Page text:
After eight hours into a twenty hour cross-country drive, you’re 100 miles from the nearest gas station, exit, or fellow human. You just hit a pothole, your tire blew out, your brake line is leaking, and your alignment now pulls hard to the right. To top it off, you just ran out of Gatorade. When you open your trunk and moths fly out, and a desperate look into your glove compartment nets only a few papers and the crumbs of a half-eaten Clif bar.
You should’ve built a roadside emergency kit.
A roadside emergency kit is one of life’s little necessities that may seem like a PITA at first, given you have to buy a bunch of stuff that you might never use, but it becomes a lifesaver when things, shall we say, go sideways. Not only will it have your back in the case of getting a flat or needing to repair a mechanical part, but when stocked correctly, it will saveyour own backside, too.
To better understand what you need and why you need it, Car Bibles put together this guide on how to build a roadside emergency kit.
Yeah, But Do I Actually Need A Roadside Emergency Kit?
Seriously, you do. I, and many other editors, have been in more than one precarious situation when our roadside emergency kits have saved our butts. They’re massively helpful and, in some cases, mean the difference between life, death, and years of physical therapy.
Fine, What Do I Put In One?
Let’s break it down into a few more manageable chunks.
Jumper cables: A necessity in every car.
Multitool: Something like a Leatherman is invaluable, as it offers so much in such a small package and is easily stored in your glove compartment.
Adjustable wrench: Bolts can be shaken loose. If you need to tighten one back on, or loosen another, you’ll want an adjustable wrench. They’re also small and easily stored, unlike an entire wrench or socket set.
Duct tape: Red Green’s favorite tool is in our Top 10, too.
Tire pressure gauge: Keeping your tires at the right pressure will save you money by reducing your trips to the fuel pump, as well as give you insight into whether or not you’ve got yourself a puncture.
Jack: Never leave home without one.
Lug wrench: A jack is no help if you don’t have the tools to remove the tire..
Gloves: Do you want your greasy hands touching your steering wheel after you’ve changed a tire? NO!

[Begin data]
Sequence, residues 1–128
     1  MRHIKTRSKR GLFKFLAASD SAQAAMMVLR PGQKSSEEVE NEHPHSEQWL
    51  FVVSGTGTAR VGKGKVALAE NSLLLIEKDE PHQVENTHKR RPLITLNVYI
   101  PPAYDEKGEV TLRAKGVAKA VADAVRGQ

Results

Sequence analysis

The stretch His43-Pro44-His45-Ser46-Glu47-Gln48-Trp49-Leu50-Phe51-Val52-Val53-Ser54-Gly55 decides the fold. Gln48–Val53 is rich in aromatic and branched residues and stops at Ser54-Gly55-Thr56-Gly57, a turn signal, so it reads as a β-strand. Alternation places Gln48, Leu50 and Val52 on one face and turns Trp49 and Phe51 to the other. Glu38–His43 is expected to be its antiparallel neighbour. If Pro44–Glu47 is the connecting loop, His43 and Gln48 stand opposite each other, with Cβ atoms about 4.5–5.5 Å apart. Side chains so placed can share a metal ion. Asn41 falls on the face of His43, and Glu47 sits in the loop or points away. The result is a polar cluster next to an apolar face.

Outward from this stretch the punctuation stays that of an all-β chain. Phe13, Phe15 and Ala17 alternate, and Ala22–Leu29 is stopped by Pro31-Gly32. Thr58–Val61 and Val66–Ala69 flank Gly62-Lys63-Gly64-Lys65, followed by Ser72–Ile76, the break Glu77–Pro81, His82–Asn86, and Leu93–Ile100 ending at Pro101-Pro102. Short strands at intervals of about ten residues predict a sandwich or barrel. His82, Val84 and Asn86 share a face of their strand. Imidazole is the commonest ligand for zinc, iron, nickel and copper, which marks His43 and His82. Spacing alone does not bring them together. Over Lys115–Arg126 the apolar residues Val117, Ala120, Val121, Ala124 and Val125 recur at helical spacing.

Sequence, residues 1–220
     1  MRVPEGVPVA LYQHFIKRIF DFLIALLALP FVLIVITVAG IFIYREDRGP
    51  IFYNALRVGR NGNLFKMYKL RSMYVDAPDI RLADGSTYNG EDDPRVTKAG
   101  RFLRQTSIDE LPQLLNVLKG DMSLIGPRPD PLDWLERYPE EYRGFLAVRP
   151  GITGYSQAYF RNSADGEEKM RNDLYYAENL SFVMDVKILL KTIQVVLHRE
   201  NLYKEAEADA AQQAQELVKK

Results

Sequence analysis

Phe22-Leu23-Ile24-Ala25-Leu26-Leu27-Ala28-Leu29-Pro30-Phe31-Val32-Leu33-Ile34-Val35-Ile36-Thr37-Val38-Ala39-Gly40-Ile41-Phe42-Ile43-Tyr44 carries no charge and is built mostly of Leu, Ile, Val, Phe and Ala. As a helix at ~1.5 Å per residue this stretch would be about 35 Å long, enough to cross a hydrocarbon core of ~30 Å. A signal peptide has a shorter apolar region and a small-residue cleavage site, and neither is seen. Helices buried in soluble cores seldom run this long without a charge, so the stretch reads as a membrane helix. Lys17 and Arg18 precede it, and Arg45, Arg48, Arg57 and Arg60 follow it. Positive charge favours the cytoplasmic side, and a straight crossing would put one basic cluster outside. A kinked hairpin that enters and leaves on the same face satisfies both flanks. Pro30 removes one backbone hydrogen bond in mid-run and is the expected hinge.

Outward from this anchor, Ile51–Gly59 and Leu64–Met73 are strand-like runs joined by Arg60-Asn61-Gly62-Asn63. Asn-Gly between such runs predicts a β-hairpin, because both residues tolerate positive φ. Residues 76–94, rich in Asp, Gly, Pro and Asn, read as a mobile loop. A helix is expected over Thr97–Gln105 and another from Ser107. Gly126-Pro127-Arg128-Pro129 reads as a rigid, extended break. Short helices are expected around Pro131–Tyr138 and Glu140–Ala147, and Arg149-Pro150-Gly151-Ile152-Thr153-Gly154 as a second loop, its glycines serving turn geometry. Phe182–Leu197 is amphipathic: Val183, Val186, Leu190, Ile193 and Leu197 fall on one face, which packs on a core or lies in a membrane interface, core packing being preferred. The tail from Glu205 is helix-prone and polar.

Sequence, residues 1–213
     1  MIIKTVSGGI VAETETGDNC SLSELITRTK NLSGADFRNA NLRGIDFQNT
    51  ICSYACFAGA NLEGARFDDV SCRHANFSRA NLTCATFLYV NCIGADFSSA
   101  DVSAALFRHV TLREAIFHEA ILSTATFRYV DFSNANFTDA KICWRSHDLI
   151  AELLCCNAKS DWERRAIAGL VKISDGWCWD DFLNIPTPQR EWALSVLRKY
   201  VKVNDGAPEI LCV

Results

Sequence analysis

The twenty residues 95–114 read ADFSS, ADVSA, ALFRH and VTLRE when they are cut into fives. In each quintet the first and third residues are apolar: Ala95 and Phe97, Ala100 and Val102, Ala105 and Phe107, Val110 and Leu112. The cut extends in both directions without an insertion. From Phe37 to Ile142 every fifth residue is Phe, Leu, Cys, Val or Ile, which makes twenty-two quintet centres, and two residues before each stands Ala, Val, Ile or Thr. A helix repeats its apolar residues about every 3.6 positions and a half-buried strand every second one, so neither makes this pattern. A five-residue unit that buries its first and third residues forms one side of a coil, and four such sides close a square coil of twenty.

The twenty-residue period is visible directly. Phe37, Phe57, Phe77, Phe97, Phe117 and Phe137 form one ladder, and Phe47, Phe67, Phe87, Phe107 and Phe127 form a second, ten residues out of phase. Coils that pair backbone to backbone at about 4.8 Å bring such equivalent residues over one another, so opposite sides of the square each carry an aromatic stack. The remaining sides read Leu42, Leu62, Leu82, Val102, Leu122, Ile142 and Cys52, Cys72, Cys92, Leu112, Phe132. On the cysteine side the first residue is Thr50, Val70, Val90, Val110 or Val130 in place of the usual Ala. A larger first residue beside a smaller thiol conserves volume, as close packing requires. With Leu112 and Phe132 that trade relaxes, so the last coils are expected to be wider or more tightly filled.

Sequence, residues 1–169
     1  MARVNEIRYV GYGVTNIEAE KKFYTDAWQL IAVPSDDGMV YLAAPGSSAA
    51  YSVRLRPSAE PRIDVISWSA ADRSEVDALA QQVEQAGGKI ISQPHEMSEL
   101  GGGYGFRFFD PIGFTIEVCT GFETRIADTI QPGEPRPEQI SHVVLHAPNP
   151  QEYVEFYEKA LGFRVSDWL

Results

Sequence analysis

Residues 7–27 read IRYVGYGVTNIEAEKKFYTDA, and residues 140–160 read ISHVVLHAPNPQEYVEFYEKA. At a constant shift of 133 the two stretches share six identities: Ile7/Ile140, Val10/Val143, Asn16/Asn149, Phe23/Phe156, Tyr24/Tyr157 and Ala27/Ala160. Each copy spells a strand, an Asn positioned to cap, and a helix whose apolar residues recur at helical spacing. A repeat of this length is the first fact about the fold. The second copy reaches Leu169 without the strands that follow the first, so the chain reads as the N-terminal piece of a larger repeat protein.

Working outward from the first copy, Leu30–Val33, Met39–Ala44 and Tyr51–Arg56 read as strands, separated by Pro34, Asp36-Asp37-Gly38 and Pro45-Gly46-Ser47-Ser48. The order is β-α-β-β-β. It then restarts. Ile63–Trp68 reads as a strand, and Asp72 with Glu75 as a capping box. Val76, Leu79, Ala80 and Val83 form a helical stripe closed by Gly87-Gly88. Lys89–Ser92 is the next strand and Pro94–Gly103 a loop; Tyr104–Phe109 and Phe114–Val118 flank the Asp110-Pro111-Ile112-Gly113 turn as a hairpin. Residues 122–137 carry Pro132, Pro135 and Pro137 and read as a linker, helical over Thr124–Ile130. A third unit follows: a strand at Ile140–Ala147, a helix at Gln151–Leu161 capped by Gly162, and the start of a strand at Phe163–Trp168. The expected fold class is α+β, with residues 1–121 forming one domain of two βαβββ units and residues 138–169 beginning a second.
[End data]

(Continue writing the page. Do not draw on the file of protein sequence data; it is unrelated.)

Glass breaker: In the event of you being unable to open your door and needing to get out quick, a glass breaker is gonna be the tool that saves your bacon.
A first aid kit is essential in an emergency. Get a good quality one, something with more than you think you’ll ever need. That way, in the event of an oddity of an emergency, you’re fully prepared.
Flares: It’s better to be seen by the side of the road than not. Hundreds of people are injured while servicing their vehicles, so it’s important everybody knows you’re there.
Fix-a-Flat: A lifesaver when the nearest America’s Tire is 45 minutes away and you’ve got a flat.
Safety triangle: Like flares, a safety triangle helps others see you by the side of the road.
Zip ties: Every enthusiast’s favorite tool, zip ties are always good to have in your emergency bag. They can even reattach a bumper if need be.
Thermal blanket: Depending on what time of year it is, you’ll want a thermal blanket just in case you’re worried about getting stranded in your car.
Water: Water is good for you and your car and can keep you hydrated in the desert or cool your radiator down if need be.
Tire inflator: If you have a flat and need some air, have one.
What Else Should I Do To Stay Safe?
Beyond the backup protections of an emergency kit, there are several maintenance points you can utilize to stay safe whenever you get behind the wheel. Let’s talk turkey.
Periodically Check Your Oil
This seems obvious, and it is, but it should be restated. Always check your car’s oil. It’s the lifeblood of your engine, and if it’s bad, old, or gone, it’s going to negatively affect your day.
Periodically Check Your Spare Tire
Another obvious check is keeping your spare tire in tip-top shape. You don’t want to head to your trunk and find your spare flat as heck. It takes two seconds to check. Take the time.
Do a Visual Inspection of Your Car
It takes barely a minute to walk around and look over your car for exterior issues. Burn some calories.
Maintain Your Vehicle
Follow your car’s scheduled maintenance. It’s the biggest factor in keeping your car on the road and not alongside it.
The Car Bibles Questionnaire
Car Bibles answers all your burning questions.
Q: Can I just buy an emergency roadside kit?
A: You can, though they won’t be as good as the customized one you build yourself.
Q: How much do those prebuilt kits cost?
A: Anywhere between $40-$150, depending on the level of kit offered.
Q: Should I carry cash in my kit?
A: Absolutely. A few bucks in your glove compartment isn’t a bad idea when you forget your wallet, encounter a gas station that only takes cash, or want to tip a friendly helper.
Video on Emergency Roadside Kits
Car Bibles’ editors understand that not everyone is a text-based learner. For those kinesthetic people out there, we have your back with a video showing you exactly how to build a good emergency roadside kit. We pulled it from one of our favorite, and most trusted, sources and it’s a great additional resource.
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